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I have noticed from a drone (of a friend of mine) it has a feature that lets its motors beep so when it gets lost it can be easily found. I have some searching and this seems to be done by alternating turning forward and backward quickly enough for the motors not be able to spin.

I would hopefully like to exploit this characteristic as maybe a feedback to the user for example a button is pressed and the motors would beep, this would mean that I do not need a piezo speaker.

But will this cause some damage to the motor or motor driver? My intuition is telling me it does, but on some commercial products (drones) or high performance robots (the one used in competitions) I often hear these beeps.

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    \$\begingroup\$ Drone motors are probably BLDC motors. Brushed motors are less suitable for beeping. \$\endgroup\$ – Brian Drummond Jan 25 at 10:09
  • \$\begingroup\$ Just for fun: Search on youtube for "Flopotron". \$\endgroup\$ – Jahaziel Jan 31 at 20:13
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Summary: Safe enough unless you try really really hard to design it to be destructive.

It MAY be possible to damage the motor this way if you tried hard enough, but that applies to any use of the motor, and it will be very easy to implement such a system without harming the motor. Controllers usually have inbuilt hardware or software mediated protection systems which prevent one applying excessive levels of stupidity. Even without this it would be hard to destroy a system at sensible power levels.

Issues may include

  • Causing excessive thermal dissipation by applying high energy levels without the cooling usually afforded by the propellor downdraft

  • Operating the motor at zero revs is its potential highest torque point - if you were going to break something this will be a likely region to do it. But, any system not designed to easily withstand peak torque, even repeatedly applied, is not a well designed one.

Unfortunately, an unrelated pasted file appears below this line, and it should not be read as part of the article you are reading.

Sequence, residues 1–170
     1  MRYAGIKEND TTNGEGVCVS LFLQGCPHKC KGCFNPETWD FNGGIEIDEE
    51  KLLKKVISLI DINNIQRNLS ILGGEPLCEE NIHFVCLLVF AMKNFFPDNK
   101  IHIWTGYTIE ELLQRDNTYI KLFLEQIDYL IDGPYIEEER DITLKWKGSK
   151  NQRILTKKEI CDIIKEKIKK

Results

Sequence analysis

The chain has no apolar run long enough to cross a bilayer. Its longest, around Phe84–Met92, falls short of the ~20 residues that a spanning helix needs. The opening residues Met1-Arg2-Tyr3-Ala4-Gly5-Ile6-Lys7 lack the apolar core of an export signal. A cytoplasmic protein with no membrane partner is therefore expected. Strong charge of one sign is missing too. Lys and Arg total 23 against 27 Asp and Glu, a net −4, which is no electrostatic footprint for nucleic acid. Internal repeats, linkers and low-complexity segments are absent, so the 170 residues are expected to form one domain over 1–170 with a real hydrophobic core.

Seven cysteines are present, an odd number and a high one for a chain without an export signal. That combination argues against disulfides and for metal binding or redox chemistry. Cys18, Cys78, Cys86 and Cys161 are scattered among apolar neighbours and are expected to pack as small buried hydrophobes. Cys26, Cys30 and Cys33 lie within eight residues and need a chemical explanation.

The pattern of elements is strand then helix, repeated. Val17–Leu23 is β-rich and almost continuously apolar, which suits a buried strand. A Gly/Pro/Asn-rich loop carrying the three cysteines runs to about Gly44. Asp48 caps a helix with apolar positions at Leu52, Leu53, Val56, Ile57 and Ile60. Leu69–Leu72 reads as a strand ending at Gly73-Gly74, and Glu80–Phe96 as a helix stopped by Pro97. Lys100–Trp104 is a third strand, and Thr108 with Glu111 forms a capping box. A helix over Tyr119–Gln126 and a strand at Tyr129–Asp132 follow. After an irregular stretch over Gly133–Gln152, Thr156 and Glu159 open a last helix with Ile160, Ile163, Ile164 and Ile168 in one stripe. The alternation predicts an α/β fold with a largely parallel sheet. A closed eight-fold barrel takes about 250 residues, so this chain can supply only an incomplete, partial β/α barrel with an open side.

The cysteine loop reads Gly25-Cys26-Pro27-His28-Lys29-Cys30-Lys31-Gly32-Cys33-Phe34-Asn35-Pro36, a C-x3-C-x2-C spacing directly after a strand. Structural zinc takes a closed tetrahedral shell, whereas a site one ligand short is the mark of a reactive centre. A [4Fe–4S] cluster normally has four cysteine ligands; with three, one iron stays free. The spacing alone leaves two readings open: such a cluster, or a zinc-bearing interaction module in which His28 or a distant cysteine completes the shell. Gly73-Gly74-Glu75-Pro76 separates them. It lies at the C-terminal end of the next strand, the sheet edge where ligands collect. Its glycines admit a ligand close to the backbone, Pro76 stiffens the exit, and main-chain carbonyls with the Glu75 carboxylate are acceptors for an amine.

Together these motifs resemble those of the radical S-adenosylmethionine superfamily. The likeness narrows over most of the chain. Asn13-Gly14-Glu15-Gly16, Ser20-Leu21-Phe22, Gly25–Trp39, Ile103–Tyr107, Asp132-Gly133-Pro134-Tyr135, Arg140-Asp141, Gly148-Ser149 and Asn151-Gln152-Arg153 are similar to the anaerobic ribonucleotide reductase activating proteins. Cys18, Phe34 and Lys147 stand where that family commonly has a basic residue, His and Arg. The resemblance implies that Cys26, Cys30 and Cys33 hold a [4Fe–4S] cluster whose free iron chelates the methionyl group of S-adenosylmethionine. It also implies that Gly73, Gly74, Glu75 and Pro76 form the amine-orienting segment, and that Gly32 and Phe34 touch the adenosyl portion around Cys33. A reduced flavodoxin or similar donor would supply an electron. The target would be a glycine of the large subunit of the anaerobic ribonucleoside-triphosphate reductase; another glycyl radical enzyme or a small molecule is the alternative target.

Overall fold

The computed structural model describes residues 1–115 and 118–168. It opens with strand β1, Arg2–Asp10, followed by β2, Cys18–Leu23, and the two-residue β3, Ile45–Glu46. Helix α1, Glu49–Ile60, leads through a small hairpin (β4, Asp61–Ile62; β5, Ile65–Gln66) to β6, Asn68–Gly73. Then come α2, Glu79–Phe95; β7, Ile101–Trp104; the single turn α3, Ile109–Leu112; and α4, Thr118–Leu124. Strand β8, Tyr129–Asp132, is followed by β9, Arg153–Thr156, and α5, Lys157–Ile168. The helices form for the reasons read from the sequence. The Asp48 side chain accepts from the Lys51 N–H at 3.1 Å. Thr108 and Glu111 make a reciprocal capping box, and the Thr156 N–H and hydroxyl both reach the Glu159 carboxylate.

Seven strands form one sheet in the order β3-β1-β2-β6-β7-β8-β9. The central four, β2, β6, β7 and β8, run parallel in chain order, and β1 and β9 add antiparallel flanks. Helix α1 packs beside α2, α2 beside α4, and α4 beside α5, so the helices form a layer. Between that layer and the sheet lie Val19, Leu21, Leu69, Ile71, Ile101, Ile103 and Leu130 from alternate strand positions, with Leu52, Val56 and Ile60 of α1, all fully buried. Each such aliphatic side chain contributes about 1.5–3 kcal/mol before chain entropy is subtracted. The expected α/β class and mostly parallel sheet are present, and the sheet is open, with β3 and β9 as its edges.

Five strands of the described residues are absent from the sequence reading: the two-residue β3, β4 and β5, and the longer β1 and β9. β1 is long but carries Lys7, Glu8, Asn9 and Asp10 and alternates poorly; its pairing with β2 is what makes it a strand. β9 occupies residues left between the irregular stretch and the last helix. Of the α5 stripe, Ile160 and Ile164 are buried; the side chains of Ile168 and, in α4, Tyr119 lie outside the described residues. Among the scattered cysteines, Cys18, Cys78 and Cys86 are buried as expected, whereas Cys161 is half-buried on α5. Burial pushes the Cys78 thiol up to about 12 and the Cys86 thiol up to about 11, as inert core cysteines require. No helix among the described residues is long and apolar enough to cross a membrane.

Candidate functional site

• Operating a motor in reverse applies reverse torque to the propellor to shaft coupling. Some systems use appropriate sense left or right hand threads to lock the propellors in position. Even almost zero revs reverse torque will tend to unlock the propellor - BUT it will be locked again by the next half cycle of 'sound' drive. and properly locked again when normal motion is applied.


Bonus:

For "extra points" you may be able to make it talk.
"Help me. Help me. I'm over here ...".
(I've heard of road surfaces designed to make a car's suspension "talk" - decipherable "speech".)

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  • \$\begingroup\$ Thanks for that answer good sir, I dont plan on making it talk yet. Im more concerned of the motor itself rather than the driver, the driver is fairly a new part and packed with features. It can handle way way more amps than what the motor needs. Although the motor is rated for high performance ( stronger carbon brush) it still does worry me so i will keep the beeping to a minimum \$\endgroup\$ – Jake quin Jan 25 at 14:47
  • \$\begingroup\$ You'd definitely be safer beeping a brushless motor over a brushed motor. I'm not sure whether you'd risk damage to the brushes doing this. I can verify with certainty that there is essentially zero risk with a brushless motor, if properly implemented as Russell stated \$\endgroup\$ – Ocanath Jan 31 at 19:05

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